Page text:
As if we needed one more reminder that Disney now owns nearly all of the entertainment industry, the company flexed on Twitter in a massive crossover thread that rubbed some the wrong way — including, jokingly at least, one of its own new properties. Celebrating Monday’s announcement about the international rollout plans for Disney+, the company’s new direct-to-consumer streaming service, Disney engaged in a winking conversation with itself across multiple Twitter accounts. The thread involved accounts for Disney, Pixar, National Geographic, “Star Wars,” Marvel, “The Avengers,” “Guardians of the Galaxy,” and “The Simpsons.”
After replying to itself from its various properties, Disney patted itself on the back, tweeting: “It’s barely 9:00 am and we already found Dory, assembled the @Avengers, and got @StarWars and @Marvel to tweet at each other. NBD just the most ambitious crossover event in history.”
To which “The Simpsons” account replied, in its most Comic Book Guy voice: “Worst. Corporate Twitter stunt. Ever.”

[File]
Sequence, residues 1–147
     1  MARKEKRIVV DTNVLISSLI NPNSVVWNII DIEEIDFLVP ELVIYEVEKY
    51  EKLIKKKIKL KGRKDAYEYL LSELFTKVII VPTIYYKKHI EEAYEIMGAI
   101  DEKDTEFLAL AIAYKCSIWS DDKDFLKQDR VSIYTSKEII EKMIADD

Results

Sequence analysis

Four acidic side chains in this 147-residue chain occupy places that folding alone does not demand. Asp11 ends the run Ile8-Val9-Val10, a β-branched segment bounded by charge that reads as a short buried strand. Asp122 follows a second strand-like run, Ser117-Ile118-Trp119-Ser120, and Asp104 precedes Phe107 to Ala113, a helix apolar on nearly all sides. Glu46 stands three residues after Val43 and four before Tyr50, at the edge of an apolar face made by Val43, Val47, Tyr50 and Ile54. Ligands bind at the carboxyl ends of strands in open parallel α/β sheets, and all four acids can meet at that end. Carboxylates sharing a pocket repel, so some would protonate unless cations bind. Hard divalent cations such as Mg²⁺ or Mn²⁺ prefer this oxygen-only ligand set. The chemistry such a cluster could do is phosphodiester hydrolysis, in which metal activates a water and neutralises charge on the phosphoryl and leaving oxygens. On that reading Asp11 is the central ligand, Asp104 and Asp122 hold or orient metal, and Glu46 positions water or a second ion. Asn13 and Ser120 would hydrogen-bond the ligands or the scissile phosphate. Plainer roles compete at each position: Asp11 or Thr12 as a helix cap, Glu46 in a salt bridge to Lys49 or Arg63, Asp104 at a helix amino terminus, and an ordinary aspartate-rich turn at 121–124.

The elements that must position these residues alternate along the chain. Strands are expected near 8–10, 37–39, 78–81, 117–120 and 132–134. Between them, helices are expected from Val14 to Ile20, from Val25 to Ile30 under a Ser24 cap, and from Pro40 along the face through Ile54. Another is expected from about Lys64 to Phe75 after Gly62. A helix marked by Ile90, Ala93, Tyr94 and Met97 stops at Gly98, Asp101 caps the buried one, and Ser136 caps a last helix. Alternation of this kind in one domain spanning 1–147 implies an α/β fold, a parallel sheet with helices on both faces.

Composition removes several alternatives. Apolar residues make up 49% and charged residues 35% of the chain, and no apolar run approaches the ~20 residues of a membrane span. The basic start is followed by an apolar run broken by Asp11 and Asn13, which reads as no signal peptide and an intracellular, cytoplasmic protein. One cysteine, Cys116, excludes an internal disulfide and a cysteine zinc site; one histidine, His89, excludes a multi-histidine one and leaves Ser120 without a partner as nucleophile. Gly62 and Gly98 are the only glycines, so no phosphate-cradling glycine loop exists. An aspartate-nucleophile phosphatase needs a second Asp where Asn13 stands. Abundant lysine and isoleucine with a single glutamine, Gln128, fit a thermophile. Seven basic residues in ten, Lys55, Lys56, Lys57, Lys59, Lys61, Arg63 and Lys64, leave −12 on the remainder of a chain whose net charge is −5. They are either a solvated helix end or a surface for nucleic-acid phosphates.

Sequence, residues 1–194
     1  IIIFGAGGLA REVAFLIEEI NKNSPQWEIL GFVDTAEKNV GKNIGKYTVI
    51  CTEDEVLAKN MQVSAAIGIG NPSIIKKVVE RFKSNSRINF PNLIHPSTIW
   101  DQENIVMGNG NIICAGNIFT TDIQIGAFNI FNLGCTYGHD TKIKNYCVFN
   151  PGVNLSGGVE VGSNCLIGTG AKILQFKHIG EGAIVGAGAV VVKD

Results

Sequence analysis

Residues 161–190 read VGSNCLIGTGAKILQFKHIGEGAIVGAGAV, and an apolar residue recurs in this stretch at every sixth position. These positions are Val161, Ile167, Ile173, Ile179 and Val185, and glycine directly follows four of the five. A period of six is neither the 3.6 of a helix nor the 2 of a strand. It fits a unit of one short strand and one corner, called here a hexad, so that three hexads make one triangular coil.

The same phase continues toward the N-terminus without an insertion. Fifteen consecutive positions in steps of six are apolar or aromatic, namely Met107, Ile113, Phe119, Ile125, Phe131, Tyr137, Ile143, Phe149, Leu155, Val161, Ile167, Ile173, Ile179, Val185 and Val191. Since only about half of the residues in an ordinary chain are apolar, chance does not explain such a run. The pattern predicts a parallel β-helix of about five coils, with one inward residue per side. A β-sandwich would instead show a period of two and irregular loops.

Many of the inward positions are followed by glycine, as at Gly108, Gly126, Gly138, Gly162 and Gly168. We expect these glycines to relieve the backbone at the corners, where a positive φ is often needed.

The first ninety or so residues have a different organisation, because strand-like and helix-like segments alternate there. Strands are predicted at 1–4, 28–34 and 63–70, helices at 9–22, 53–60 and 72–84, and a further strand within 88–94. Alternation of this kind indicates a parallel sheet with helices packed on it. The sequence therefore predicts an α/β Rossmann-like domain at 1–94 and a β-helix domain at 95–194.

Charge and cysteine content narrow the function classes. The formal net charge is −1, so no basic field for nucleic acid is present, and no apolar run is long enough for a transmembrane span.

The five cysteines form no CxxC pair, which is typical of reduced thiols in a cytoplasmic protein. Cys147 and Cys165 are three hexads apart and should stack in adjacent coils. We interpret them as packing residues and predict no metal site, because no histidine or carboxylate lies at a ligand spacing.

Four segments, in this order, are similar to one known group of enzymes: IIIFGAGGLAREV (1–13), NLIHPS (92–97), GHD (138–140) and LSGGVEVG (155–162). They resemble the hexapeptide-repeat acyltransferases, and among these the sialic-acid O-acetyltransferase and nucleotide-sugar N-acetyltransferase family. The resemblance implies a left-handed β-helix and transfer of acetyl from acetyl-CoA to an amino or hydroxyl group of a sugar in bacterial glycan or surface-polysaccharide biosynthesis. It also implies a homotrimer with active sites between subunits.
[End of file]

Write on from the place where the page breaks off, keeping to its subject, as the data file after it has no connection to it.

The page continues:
Worst. Corporate Twitter stunt. Ever. pic.twitter.com/EK4KfVGTKX
— The Simpsons (@TheSimpsons) August 19, 2019
Of course, since the Disney/Fox merger, “The Simpsons” is now a Disney property as well, calling into question the authenticity of the dig. Either one social media manager went rogue, or there were lots of meetings in which this entire conversation was meticulously planned. Knowing Disney, it’s safe to assume the latter is more likely.
The company announced yesterday that international plans for the new streaming service would be available on November 12, the same day Disney Plus will launch in the US. The international rollout will begin with Canada and the Netherlands, followed a week later by Australia and New Zealand. Disney Plus will be the dedicated streaming home for movies and shows from Disney, Pixar, Marvel, “Star Wars,” National Geographic and other Mouse House brands.
Reports surfaced yesterday that Disney was teaming up with Charter Communications to prevent multiple people from sharing the same streaming account as part of a crackdown against piracy. The effort is part of a new distribution agreement between Disney and Charter, which is the nation’s second-biggest cable company.
“There’s lots of extra streams, there’s lots of extra passwords, there’s lots of people who could get free service,” said Charter CEO Tom Rutledge.